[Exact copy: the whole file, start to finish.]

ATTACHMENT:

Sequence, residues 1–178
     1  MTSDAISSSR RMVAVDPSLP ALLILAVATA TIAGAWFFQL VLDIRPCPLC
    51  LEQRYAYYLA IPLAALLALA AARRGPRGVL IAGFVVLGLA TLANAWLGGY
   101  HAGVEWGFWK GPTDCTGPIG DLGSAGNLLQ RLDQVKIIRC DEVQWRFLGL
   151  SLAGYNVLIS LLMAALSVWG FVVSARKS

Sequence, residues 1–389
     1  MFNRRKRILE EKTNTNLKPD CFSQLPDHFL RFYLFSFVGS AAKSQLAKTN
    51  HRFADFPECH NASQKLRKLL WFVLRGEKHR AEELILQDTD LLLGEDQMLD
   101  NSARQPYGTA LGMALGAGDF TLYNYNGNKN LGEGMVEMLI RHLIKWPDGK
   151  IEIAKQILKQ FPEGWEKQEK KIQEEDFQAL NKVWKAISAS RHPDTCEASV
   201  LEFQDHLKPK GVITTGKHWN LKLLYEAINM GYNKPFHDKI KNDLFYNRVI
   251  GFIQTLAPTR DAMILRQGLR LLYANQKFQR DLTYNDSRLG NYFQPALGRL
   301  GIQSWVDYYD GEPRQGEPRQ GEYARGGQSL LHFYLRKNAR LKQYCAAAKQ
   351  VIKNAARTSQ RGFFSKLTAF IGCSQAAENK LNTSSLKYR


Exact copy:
Sequence, residues 1–178
     1  MTSDAISSSR RMVAVDPSLP ALLILAVATA TIAGAWFFQL VLDIRPCPLC
    51  LEQRYAYYLA IPLAALLALA AARRGPRGVL IAGFVVLGLA TLANAWLGGY
   101  HAGVEWGFWK GPTDCTGPIG DLGSAGNLLQ RLDQVKIIRC DEVQWRFLGL
   151  SLAGYNVLIS LLMAALSVWG FVVSARKS

Sequence, residues 1–389
     1  MFNRRKRILE EKTNTNLKPD CFSQLPDHFL RFYLFSFVGS AAKSQLAKTN
    51  HRFADFPECH NASQKLRKLL WFVLRGEKHR AEELILQDTD LLLGEDQMLD
   101  NSARQPYGTA LGMALGAGDF TLYNYNGNKN LGEGMVEMLI RHLIKWPDGK
   151  IEIAKQILKQ FPEGWEKQEK KIQEEDFQAL NKVWKAISAS RHPDTCEASV
   201  LEFQDHLKPK GVITTGKHWN LKLLYEAINM GYNKPFHDKI KNDLFYNRVI
   251  GFIQTLAPTR DAMILRQGLR LLYANQKFQR DLTYNDSRLG NYFQPALGRL
   301  GIQSWVDYYD GEPRQGEPRQ GEYARGGQSL LHFYLRKNAR LKQYCAAAKQ
   351  VIKNAARTSQ RGFFSKLTAF IGCSQAAENK LNTSSLKYR